– Primary Elections: In some systems, like the U.S., citizens vote in primary elections to decide which candidates from each party will go on to compete in the general election.

Voting on Policies

Some democracies provide mechanisms for citizens to have a direct say on specific policies:

– Referendums: A referendum is a direct vote in which an entire electorate is asked to either accept or reject a particular proposal. This could be a new law, a constitutional amendment, or any specific governmental policy. Examples include the Brexit referendum in the UK in 2016 or various state referendums in the U.S.

– Initiatives: These are processes where citizens can propose new laws or changes to existing laws, usually by collecting signatures to qualify the proposal for the ballot. Once on the ballot, the wider electorate can vote on the proposal. This method is common in many U.S. states.

– Plebiscites: Similar to referendums, a plebiscite is a vote on a specific question posed by the government. However, plebiscites are usually non-binding and more consultative in nature.

– Local Ballot Measures: In local governance, residents often vote on specific policy issues, like bond measures for school funding or zoning law changes.

It’s worth noting that even when citizens are voting on specific policies via referendums or initiatives, there’s still a heavy influence of politics. The framing of the question, the campaigns for and against the policy, and the broader political context can all influence the outcome.

Interplay and Overlap

While politics and policy serve distinct purposes, they’re intertwined. They don’t exist in isolation. Though distinct, politics and policy don’t exist in isolation. Politics often dictates policy considerations, shaping who crafts them and how they’re implemented. For example, political decisions, like electing a party, lead to specific policy outcomes. Inversely, a policy’s success or failure can shape political fortunes. Even in direct policy votes, like referendums, the influence of politics is undeniable, affecting campaign strategies, voter behavior, and eventual outcomes.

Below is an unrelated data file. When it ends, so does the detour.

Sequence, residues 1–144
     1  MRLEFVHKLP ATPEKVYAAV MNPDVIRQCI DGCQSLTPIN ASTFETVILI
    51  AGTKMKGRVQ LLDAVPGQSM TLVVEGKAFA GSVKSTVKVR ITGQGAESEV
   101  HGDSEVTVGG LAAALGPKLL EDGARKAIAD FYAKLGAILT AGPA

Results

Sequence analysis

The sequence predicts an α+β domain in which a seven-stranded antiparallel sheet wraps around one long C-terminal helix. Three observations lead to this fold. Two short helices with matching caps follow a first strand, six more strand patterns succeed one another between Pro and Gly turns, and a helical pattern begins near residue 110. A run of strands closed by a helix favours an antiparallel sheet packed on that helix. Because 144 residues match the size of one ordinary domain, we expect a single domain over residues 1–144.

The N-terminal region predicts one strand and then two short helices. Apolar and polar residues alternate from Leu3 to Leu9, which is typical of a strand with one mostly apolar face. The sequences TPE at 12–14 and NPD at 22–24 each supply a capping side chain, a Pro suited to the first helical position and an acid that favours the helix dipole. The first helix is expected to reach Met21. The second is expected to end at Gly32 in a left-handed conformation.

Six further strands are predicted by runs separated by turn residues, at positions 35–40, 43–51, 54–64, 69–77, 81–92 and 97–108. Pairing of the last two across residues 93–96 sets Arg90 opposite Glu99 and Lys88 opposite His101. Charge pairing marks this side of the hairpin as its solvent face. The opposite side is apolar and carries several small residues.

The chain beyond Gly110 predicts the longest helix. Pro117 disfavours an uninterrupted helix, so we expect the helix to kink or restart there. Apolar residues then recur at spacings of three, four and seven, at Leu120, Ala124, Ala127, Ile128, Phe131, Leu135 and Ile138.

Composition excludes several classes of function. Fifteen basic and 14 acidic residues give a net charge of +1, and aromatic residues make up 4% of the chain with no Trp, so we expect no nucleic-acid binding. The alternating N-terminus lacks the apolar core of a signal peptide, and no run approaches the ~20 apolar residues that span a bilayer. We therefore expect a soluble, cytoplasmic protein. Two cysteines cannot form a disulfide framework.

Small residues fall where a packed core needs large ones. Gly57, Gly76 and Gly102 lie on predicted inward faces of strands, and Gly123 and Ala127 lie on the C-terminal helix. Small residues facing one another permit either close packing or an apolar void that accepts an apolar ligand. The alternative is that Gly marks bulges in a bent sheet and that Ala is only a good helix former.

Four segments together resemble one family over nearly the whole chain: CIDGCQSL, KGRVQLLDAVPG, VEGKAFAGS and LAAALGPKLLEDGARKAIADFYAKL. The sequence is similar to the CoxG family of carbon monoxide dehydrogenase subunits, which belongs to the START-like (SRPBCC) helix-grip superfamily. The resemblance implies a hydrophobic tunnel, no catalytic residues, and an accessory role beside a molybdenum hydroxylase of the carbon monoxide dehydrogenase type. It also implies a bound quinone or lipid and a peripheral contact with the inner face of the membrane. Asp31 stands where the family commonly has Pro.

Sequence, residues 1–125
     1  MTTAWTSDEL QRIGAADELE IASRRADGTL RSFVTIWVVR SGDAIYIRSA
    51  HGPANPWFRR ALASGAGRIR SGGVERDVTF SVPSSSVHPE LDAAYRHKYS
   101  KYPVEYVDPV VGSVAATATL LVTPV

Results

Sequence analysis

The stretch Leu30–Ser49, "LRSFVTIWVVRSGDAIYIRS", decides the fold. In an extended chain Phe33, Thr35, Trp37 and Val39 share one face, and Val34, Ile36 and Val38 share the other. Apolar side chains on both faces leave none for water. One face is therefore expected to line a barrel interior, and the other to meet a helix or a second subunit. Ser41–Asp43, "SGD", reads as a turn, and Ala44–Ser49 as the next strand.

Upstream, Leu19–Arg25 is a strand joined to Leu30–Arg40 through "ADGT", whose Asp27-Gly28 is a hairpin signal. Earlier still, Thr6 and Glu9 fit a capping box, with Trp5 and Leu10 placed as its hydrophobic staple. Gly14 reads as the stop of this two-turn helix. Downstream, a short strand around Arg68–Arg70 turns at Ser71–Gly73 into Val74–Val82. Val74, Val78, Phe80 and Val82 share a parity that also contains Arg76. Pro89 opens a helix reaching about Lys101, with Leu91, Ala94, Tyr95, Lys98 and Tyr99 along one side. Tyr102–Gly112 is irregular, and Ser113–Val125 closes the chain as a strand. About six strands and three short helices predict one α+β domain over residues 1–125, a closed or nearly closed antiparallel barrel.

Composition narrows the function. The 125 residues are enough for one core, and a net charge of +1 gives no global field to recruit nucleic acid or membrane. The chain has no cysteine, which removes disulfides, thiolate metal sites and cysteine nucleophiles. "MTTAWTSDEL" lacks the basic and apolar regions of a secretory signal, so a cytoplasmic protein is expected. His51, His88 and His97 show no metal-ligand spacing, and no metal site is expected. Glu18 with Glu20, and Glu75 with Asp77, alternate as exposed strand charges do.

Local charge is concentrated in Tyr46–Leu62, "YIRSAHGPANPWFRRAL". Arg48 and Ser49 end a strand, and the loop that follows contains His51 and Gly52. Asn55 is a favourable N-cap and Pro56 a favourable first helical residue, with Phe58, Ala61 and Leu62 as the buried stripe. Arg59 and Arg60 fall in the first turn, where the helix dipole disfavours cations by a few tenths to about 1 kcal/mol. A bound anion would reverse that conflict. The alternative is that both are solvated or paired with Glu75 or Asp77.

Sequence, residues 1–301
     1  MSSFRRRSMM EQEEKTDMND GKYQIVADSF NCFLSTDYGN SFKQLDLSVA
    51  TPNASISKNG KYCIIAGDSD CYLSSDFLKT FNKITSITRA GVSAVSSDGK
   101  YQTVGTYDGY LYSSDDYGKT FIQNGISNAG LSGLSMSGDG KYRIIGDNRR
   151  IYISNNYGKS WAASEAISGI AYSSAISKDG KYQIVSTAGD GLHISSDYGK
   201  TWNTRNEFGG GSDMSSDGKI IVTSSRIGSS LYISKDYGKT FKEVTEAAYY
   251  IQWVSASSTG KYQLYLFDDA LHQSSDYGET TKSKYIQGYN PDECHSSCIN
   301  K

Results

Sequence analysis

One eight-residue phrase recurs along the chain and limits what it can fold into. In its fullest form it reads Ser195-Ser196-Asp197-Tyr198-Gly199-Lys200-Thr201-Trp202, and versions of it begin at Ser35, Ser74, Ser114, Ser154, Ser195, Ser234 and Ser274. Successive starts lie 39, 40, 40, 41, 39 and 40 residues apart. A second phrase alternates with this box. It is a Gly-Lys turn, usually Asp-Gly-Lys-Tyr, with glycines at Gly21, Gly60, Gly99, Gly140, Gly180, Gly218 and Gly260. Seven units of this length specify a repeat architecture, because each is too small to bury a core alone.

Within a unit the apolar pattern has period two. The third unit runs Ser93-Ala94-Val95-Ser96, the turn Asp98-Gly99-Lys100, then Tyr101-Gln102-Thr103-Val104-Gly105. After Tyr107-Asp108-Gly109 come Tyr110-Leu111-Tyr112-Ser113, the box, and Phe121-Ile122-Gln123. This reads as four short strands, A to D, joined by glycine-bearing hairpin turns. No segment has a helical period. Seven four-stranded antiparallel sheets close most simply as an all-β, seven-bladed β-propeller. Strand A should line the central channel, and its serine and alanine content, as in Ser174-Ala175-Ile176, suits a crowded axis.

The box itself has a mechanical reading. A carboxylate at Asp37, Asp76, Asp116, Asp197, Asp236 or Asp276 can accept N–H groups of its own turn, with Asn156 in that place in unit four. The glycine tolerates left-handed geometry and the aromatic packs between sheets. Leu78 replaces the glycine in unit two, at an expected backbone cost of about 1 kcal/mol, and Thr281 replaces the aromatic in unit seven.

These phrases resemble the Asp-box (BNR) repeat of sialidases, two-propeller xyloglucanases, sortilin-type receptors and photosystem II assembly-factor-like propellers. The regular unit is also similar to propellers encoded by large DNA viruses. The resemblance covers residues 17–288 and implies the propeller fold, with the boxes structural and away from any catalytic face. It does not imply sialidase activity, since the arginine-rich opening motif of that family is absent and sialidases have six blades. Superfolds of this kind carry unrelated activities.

The default in many democracies is for citizens to vote on politics (i.e., representatives) even though many systems also allow for direct voting on specific policies. The balance between these approaches varies based on the country, the level of government (national vs. local), and the particular democratic traditions and mechanisms in place.

Wrapping Up

While both politics and policy shape the direction of societies, they do so in different ways. Politics is the arena in which the contest for power and representation happens. Policy, meanwhile, is the tangible blueprint guiding actions and decisions once that power is in place. By distinguishing between the two, we can more accurately understand and engage in the world of governance.

Keep these distinctions in mind next time you tune into the news or a debate. You’ll find that it enriches your perspective and allows for a more nuanced understanding of the events unfolding around you.

Read More from Rosanita on her Substack, Long on Civics

Leave a Reply

Your email address will not be published. Required fields are marked *